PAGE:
Legal Brief

Religious Invocations at Graduation
By RAY LI/School Administrator, June 2019

AS GRADUATING SENIORS of Canton High School’s Class of 2018 found their seats for their commencement, the Rev. John Tamilio led an invocation, calling upon a “holy, loving and most gracious God” to bless the graduates. A few days later, the Freedom from Religion Foundation sent the school district a demand letter notifying administrators that the invocation violated the Establishment Clause of the First Amendment, citing a U.S. Supreme Court precedent in Lee v. Weisman.

The fact Canton High School was holding an invocation at its 2018 graduation was surprising, given that Lee was decided in 1992. In that case, the Supreme Court held that public schools cannot invite clergy members to deliver religious invocations at graduation ceremonies.

In the Lee case, a principal had asked a rabbi to deliver prayers at graduation and provided him with a pamphlet that made recommendations for nonsectarian prayers at civic ceremonies. In this invocation and benediction, the rabbi thanked God and asked for blessings for the graduates.

The Supreme Court found the principal had excessively entangled the school with religion. The principal’s involvement in scheduling an invocation, selecting a rabbi and giving him instructions on how to structure his prayer crossed the line into unconstitutional behavior.

Student-Led Prayer
While Lee prohibits clergy-led invocations and benedictions, the Supreme Court also has addressed whether student-led invocations are constitutionally permissible. In Santa Fe Independent School Dist. v. Doe, the Supreme Court in 2000 invalidated a school district’s policy that called for a student election to decide whether student-led invocations could be held before football games. The court ruled that student-led speech and student-initiated religious speech was unconstitutional, even if student elections authorized it. The Supreme Court did not state whether their decision also prohibits student-led invocations before graduation ceremonies.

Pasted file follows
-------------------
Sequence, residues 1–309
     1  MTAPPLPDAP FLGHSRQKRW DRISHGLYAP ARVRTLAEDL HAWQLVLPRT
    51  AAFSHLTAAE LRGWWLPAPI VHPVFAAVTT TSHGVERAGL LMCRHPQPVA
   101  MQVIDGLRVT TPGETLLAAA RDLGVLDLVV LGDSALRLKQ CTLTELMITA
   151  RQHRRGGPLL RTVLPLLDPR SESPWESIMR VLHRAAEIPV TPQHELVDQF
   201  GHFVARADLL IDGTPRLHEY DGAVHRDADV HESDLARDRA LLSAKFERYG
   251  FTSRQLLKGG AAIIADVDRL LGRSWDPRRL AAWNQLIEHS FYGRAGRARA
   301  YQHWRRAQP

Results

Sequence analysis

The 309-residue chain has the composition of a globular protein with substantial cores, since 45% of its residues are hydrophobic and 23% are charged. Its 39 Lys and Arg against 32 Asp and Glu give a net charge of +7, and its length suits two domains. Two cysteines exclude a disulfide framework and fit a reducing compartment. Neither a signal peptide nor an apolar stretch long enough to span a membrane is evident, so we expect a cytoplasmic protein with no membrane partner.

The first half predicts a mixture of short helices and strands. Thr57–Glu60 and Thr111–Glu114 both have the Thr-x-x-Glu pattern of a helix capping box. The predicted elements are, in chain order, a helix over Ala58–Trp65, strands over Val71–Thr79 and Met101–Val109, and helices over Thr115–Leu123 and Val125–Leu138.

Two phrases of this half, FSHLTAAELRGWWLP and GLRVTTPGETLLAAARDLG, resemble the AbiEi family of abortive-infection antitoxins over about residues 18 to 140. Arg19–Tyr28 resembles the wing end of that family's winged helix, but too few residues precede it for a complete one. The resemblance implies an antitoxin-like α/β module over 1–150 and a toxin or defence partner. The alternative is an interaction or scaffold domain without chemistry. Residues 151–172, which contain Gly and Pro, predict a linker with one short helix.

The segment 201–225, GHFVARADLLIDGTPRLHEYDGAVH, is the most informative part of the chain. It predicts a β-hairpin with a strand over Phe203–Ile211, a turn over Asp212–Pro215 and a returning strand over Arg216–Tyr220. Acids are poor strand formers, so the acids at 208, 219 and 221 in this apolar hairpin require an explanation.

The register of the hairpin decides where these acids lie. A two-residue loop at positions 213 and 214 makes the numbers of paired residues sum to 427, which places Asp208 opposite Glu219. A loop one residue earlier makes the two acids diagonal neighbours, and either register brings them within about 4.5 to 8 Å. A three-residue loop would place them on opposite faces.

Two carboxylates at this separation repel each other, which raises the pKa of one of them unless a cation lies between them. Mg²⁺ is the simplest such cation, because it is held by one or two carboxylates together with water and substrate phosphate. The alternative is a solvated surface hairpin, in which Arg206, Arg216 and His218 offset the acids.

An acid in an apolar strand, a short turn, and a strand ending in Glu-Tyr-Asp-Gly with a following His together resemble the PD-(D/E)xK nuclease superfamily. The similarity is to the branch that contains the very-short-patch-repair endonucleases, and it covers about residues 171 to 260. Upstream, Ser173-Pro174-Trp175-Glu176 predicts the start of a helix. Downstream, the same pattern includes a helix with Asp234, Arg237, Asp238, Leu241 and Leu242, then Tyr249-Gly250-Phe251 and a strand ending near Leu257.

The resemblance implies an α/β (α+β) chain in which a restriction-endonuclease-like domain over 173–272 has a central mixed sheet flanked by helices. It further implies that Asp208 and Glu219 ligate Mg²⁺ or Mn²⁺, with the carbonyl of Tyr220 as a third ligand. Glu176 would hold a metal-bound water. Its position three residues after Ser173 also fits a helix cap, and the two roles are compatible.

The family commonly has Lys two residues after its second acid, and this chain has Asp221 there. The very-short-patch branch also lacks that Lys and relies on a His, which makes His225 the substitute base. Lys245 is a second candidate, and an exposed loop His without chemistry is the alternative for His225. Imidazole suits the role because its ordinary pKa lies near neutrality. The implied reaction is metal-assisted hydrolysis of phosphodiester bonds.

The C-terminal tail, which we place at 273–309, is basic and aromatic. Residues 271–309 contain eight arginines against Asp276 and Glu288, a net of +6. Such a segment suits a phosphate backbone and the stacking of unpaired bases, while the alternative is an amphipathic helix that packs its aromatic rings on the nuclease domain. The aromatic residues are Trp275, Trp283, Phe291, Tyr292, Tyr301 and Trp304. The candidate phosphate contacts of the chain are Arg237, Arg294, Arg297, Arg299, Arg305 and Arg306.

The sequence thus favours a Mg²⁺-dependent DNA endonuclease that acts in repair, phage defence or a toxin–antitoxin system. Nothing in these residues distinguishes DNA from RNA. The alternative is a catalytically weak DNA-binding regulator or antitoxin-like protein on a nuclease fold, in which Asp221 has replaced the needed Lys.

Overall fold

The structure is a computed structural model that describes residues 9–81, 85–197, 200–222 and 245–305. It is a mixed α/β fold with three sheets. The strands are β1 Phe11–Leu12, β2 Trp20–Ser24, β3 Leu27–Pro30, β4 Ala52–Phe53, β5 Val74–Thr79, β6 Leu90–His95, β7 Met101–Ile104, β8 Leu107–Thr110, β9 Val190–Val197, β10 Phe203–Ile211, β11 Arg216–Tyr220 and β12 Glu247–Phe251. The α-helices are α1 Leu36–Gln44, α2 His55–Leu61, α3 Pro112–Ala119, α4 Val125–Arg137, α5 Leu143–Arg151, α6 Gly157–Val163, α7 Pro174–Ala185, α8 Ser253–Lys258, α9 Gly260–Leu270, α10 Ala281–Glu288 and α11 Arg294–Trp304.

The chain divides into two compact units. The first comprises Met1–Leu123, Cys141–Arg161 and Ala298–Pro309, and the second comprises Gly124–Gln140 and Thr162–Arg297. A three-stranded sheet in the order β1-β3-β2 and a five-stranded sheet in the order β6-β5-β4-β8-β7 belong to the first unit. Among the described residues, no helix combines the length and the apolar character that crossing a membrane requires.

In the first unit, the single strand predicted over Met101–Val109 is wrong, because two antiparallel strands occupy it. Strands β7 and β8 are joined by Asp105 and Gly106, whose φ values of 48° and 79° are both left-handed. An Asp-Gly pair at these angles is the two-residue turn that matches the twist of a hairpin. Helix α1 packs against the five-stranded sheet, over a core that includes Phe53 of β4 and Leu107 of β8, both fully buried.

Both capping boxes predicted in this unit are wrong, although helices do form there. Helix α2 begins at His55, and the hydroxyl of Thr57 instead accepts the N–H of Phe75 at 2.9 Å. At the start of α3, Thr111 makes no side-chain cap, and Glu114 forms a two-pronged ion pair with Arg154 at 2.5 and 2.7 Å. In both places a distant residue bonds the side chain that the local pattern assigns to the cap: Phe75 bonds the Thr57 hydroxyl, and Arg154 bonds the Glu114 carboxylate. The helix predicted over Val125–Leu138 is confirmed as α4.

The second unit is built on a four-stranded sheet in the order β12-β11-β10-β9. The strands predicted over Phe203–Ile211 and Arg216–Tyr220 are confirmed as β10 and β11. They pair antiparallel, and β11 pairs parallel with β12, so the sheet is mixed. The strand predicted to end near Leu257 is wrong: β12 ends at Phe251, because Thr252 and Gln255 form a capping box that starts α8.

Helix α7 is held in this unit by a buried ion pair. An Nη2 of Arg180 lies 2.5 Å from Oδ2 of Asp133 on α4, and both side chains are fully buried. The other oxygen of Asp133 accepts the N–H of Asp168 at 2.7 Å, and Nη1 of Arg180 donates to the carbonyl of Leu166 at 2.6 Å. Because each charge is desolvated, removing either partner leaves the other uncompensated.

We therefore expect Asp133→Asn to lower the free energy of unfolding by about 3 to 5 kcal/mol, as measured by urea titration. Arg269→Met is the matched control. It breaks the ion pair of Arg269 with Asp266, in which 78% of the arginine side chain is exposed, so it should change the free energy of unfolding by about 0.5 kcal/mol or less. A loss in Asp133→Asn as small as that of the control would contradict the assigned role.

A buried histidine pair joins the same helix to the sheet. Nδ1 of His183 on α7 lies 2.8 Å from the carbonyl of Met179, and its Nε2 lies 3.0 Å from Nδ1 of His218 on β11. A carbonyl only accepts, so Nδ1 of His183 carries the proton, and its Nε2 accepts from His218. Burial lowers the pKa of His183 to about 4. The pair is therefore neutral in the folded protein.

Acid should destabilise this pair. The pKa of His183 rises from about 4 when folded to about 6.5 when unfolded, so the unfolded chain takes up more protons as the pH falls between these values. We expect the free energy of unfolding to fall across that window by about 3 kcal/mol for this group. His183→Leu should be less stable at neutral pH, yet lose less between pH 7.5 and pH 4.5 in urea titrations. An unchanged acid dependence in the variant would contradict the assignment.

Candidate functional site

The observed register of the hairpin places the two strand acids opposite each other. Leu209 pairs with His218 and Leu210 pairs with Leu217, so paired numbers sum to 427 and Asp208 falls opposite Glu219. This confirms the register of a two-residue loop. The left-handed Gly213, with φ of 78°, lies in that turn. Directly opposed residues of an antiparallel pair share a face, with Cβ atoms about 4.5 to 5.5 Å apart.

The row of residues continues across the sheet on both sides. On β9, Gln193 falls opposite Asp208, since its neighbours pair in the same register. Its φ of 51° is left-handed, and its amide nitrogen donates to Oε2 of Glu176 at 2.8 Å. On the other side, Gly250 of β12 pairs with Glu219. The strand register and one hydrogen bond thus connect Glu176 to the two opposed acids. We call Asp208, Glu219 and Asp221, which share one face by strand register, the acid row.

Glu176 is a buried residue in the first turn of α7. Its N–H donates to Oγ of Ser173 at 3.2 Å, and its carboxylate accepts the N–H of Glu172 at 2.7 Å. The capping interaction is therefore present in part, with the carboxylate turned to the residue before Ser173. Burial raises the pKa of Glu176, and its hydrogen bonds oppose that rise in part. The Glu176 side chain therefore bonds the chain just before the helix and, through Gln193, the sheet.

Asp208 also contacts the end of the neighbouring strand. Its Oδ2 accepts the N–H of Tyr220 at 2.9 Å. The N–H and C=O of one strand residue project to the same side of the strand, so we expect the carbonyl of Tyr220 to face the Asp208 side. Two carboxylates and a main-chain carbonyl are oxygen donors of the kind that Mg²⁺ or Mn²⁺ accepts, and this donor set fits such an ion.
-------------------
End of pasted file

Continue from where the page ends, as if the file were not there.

Lower courts have grappled with whether the decision in Santa Fe should prohibit student-led graduation invocations. Since 2000, no federal court has permitted a school to hold a student election to decide if a student-led invocation should be given at graduation.

At least two lower courts have found that student-initiated, student-led invocations at graduations violate the First Amendment. For example, in Deveney v. Board of Education of County of Kanawha, a federal district court in 2002 enjoined a school district in West Virginia from permitting a student government to vote on whether a student would lead an invocation at graduation. In Appenheimer v. School Board, a federal district court in Illinois enjoined a school’s class officers from voting on including a student-led invocation as a designated portion of their graduation ceremony.

No Allowances
In sum, the Supreme Court determined in the 1992 Lee case that school official-initiated and clergy-led graduation invocations are unconstitutional. The Supreme Court further determined, in Santa Fe, that student-initiated and student-led invocations before football games also were unconstitutional.

Federal courts have applied the latter ruling to prohibit student-initiated and student-led invocations at graduation ceremonies. Since Santa Fe was decided in 2000, no federal court has allowed a school to hold student-initiated and student-led invocations at graduation.

School administrators ought to be mindful of excessive entanglements with religion. When determining graduation ceremony policies, school district leaders should:

» Refrain from inviting clergy to give invocations or other religious speeches.

» Avoid designating any portion of a graduation ceremony for prayer, even if nonsectarian.

» Do not name any portion of a graduation program a “benediction,” “prayer” or “invocation.”

» Require students not make religious remarks in their speeches.

» Prohibit administrators from including any religious language in their remarks.

RAY LI is an education associate in the Hogan Lovells law firm in Washington, D.C. Twitter: @RayLiEdLaw. Maree Sneed, a senior counsel at Hogan Lovells, assisted with the column.